Govt inherited policy of refusing foreign aid: Alphons

People marooned at a damaged road in a flood-hit area in Thrissur district on August 20, 2018. PTI

The Centre's decision to decline UAE's Rs 700 crore “goodwill gesture” to flood-ravaged Kerala on the grounds of past practice has invited criticism from several quarters, including the Left which described it as a "strange" call that will "harm the interests" of the state.

The UAE has offered Rs 700 crore, saying people of Kerala have always been and are still part of "our success story in the UAE" and they have a "special responsibility" to help and support those affected.

While the BJP leaders cite the then Prime Minister Manmohan Singh's announcement not to accept bilateral aid soon after Tsunami in December 2004 to defend the NDA government's decision, officials and leaders remind that the UPA government had tweaked its stand the very next week following criticism.

The NDA government's defence came from Union Tourism Minister K Alphons, who said they have “just inherited” a 14-year-old decision to say no to external aid.

“A policy decision was taken by the Manmohan Singh government in December 2004 in the aftermath of Tsunami and that policy has been continued with for the last 14 years. This is something we have inherited,” he said.

The official 'Tsunami: A Report to the Nation' released by the government on June 3, 2005, provides a different picture. According to the report, the government had then said that there was no need for external assistance for immediate relief and response.

However, it said, for long-term rehabilitation and reconstruction for Tsunami-affected states, the government has approved external assistance from multilateral agencies like World Bank, Asian Development Bank (ADB) and UN agencies. "Bilateral assistance was also to be accepted if routed through the multilateral agencies," the report said.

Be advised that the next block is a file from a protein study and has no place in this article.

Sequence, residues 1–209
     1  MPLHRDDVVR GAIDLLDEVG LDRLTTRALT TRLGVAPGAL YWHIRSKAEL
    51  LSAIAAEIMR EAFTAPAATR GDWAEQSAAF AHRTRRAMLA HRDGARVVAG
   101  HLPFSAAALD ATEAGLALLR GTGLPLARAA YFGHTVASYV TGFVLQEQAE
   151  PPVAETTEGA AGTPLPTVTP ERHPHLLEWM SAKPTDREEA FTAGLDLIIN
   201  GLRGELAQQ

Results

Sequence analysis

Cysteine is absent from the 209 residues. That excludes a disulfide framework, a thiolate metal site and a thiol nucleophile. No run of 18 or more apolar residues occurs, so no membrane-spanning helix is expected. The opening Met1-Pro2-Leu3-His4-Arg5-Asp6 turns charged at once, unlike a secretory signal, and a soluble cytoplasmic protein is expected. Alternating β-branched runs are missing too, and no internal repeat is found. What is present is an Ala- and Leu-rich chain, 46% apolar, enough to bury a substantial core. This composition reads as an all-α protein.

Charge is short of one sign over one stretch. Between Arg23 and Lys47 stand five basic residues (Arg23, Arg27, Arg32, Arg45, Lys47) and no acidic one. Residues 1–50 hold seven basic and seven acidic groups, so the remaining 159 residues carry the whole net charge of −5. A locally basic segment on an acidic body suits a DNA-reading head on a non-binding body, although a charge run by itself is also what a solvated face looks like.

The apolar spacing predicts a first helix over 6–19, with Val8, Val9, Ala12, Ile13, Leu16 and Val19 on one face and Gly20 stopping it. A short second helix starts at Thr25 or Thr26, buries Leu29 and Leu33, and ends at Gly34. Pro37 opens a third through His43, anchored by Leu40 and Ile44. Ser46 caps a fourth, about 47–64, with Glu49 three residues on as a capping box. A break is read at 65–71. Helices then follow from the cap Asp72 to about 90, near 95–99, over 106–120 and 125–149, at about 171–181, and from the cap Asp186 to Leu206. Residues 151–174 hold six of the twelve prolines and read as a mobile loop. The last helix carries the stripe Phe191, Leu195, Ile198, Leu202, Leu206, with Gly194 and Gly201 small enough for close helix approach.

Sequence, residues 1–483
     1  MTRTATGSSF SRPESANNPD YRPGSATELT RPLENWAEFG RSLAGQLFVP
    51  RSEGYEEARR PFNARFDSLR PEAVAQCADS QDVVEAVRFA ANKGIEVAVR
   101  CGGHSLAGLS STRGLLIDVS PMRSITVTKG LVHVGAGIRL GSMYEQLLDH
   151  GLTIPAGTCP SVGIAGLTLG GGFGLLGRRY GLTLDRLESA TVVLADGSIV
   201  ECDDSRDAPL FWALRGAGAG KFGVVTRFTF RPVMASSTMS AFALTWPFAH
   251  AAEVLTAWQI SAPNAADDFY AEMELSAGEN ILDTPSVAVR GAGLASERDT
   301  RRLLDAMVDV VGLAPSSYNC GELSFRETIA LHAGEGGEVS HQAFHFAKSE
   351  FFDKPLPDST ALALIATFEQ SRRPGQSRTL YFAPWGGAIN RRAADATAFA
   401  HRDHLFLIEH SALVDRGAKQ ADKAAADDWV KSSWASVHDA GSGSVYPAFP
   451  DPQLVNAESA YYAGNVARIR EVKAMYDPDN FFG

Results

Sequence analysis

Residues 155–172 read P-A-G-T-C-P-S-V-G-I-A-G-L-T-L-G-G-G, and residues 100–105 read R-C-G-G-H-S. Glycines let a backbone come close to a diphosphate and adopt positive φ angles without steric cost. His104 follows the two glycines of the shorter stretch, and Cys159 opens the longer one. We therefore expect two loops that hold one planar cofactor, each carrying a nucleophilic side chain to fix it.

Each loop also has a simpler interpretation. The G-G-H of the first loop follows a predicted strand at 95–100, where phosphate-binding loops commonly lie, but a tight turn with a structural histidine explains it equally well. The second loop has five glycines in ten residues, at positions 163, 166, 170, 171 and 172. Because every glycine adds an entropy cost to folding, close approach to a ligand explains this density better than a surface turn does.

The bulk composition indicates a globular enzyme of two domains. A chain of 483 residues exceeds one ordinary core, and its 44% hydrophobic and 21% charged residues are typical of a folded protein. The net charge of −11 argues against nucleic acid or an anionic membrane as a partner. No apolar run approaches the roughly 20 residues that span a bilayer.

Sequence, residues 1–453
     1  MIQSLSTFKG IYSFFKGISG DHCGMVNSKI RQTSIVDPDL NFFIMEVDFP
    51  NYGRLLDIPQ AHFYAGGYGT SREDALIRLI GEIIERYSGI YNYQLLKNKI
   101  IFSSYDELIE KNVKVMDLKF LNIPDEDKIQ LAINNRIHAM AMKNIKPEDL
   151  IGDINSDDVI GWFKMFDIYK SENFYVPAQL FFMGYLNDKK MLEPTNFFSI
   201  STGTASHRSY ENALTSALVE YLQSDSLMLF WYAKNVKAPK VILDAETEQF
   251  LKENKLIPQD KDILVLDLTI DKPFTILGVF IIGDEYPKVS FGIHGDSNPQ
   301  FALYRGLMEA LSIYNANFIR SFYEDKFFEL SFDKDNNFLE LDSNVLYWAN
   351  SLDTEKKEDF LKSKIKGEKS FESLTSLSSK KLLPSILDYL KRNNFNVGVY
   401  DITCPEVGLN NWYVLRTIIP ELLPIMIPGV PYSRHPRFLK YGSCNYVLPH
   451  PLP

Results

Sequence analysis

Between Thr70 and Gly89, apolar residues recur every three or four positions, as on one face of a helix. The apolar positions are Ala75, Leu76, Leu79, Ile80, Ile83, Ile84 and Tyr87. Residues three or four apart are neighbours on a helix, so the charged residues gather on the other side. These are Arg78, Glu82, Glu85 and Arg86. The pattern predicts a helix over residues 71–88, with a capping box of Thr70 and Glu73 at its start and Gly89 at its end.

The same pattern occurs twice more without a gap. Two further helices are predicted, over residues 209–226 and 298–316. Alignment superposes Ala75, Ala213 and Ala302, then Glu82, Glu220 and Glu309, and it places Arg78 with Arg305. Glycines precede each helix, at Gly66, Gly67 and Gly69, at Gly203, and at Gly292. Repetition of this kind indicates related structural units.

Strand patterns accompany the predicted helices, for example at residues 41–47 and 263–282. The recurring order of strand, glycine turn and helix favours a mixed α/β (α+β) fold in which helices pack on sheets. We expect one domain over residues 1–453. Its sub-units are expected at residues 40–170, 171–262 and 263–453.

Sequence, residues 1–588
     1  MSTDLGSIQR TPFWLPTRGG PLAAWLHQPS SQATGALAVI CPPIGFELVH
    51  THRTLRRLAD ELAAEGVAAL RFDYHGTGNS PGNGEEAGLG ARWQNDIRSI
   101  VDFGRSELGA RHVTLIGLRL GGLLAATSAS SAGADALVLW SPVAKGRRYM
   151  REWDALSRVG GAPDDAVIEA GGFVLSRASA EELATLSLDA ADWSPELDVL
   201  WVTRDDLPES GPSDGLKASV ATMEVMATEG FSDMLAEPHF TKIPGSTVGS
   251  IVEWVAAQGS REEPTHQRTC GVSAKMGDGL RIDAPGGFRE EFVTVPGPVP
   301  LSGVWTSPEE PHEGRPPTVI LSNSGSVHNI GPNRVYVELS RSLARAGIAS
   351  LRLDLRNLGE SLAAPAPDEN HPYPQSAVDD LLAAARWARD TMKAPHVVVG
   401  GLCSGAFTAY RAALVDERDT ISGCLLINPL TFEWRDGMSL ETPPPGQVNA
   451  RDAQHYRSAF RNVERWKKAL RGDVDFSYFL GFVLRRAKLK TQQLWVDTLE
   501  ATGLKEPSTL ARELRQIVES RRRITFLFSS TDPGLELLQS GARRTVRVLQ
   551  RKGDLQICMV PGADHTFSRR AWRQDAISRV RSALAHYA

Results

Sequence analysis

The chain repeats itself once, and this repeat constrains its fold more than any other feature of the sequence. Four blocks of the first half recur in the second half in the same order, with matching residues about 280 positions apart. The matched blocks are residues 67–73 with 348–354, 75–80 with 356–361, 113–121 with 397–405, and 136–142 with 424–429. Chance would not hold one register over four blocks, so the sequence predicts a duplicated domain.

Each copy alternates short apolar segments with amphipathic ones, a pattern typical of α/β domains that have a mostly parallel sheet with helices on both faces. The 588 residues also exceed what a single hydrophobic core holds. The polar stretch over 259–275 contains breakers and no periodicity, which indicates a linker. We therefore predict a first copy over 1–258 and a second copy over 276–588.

The National Disaster Management Plan, put out by the NDA government in 2016, also said, "if the national government of another country voluntarily offers assistance as a goodwill gesture in solidarity with the disaster victims, the central government may accept the offer."

Left leaders claimed there is no policy as such, as cited by BJP leaders, as both the 2005 report and the 2016 plan clearly provide the provision for accepting bilateral fund.

In an editorial in party mouthpiece People's Democracy, the CPM said the generous assistance by the UAE underlines the "special relations" which Gulf countries have with Kerala.

On the decision to decline the offer, it said, "this will be an erroneous stand which will harm the interests of Kerala.”

CPI general secretary S Sudhakar Reddy said, "it is really a matter of shame for Modi who had received foreign money as the Gujarat chief minister, when the state was hit by an earthquake, to deny the same relief to Kerala in the name of some ticklish tradition...This is false prestige as UAE offered more than union government," Reddy said.

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Govt inherited policy of refusing foreign aid: Alphons

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